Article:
When my twins were born, they were itty-bitty little things, all skinny limbs and tiny faces. After about a month or two though, they filled out and became entirely different babies–roly-poly, delicious babies that you kind of wanted to nibble on. That juicy marshmallow chub stuck around until they started crawling and, inevitably, slimmed down. Now that they're approaching three years old, they've sort of settled into stocky, little boy frames. Solid, but not chubby.
Despite the fact that they're identical, one is almost two pounds smaller than his brother. He eats a lot more, actually clears his plate, and yet, he's always been the leaner twin. For the most part, I think it's just that his metabolism is a little faster–he probably eats more because he's hungrier and his body may work a little more efficiently. Meanwhile, my stockier little boy, with his round cheeks and full thighs, will just move his dinner around on his plate, take a bite and spit it out, then throw bits of broccoli to the dog. Give him a cupcake or a bag of pretzels though, and he will go to town.
For the most part, I give my kids really healthy foods, and make sure they get a ton of exercise. They do occasionally eat junk foods and empty carbs, but usually as a special treat…or in case of emergency. They're a normal weight, but still, I worry about my bigger boy, especially because his catchphrase seems to be, "My want more snack!" He's really easy-going, but will stomp his feet and fake-cry if I don't agree to give him chocolate from his Easter basket, or if I dare to offer him blueberries instead of Goldfish. He'll literally beg for sweets, emphasizing his desire by licking his lips and going, "Yum, yum, my like chocolate. Yummy in my tummy." It's almost like he's not sure I know about this heavenly chocolate stuff and its magical effects. He's also a first-class mooch. Attempt to eat anything in front of him and you'll likely hear, "What's dat? My have some?" The kid just really loves snack foods, especially the sweet, crunchy, salty stuff.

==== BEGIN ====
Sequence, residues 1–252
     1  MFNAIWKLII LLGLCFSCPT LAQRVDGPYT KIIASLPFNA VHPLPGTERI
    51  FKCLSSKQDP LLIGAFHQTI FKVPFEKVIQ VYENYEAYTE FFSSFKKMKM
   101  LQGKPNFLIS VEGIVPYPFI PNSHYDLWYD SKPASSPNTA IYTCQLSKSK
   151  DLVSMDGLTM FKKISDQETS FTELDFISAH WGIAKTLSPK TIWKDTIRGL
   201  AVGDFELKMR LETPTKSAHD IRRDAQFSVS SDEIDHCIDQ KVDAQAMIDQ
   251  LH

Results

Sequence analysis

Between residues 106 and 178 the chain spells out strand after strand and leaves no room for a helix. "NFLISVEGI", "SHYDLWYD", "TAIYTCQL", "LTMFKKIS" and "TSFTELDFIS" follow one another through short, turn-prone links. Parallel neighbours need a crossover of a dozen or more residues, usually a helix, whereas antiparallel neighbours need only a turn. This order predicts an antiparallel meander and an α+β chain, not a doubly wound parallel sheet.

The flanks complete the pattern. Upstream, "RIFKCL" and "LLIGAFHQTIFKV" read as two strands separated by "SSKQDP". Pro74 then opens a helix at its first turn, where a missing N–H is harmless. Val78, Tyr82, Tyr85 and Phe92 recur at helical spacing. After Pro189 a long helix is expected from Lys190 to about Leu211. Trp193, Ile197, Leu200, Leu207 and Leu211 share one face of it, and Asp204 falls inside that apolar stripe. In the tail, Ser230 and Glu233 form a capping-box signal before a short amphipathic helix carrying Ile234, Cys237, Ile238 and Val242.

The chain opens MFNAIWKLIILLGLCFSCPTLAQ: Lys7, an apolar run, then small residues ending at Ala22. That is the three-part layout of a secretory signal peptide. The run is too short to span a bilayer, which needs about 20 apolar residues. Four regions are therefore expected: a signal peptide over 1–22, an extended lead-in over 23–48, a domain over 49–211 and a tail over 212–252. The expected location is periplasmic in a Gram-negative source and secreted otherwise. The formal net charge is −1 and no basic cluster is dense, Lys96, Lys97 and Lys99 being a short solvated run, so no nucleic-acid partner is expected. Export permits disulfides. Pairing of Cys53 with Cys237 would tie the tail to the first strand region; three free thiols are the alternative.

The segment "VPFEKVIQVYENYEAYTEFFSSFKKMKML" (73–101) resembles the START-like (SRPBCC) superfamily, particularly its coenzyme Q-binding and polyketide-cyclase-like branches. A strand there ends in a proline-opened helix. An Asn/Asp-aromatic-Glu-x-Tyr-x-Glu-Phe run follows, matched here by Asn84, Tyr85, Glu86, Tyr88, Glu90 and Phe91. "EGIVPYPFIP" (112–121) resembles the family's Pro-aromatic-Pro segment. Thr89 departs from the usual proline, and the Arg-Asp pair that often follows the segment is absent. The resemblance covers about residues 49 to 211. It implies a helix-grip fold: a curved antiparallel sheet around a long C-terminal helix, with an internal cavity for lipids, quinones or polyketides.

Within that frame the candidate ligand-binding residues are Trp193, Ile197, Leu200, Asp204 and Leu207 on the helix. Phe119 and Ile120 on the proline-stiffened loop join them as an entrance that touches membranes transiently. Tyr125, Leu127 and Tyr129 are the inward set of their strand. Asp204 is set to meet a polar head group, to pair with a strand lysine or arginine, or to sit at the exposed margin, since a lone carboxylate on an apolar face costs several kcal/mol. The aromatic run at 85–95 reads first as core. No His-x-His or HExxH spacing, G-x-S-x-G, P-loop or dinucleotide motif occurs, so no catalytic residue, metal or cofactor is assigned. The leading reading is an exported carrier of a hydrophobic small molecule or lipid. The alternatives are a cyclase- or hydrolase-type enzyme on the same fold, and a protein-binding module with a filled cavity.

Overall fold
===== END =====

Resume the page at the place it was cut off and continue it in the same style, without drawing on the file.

I shouldn't be surprised. He's my kid, through and through. I was the child at the birthday party who refused to return to the fun until I'd finished my slice of cake. I have his same eagerness and enthusiasm over "treats." I have no "off" switch when it comes to things like pretzels or chips. I have a slower metabolism too. It's all so familiar. While I wasn't a heavy kid, I became an overweight adult. As I've gotten older, my love of food has made it hard for me to keep weight off. I can't help but wonder if it'll happen to my boys too. Although I try to encourage healthy eating habits in my boys, they might still struggle with their weight someday. It might just be how they're built…like their Mommy.
As adults though, I don't want my boys to feel guilty when they indulge. I don't want them to constantly feel like they're on a diet. I don't want them to feel badly about who they see in the mirror. Those are my issues, and I don't want them to become theirs. At the risk of sounding sexist, I'll say that I think the fact that they're male makes it easier. The standards put on young girls and women are much worse than those put on men. That doesn't mean little boys and grown men never feel self-conscious about their bodies though. We all know they do.
All I really want is for my boys to be happy and to feel good about themselves. They are healthy right now, and for that, I am grateful. Also, if I'm being honest, I love watching my boys gleefully dig into a bowl of ice cream or smear French fries through a big heap of ketchup. Food is fun. Food makes us happy. Memories are built around our enjoyment of food. The last thing I want is for my issues to rob my kids of the pleasure in a good meal…or a delicious snack. It's not so bad to have a little more to love.
Do you worry about your child's (or children's) weight?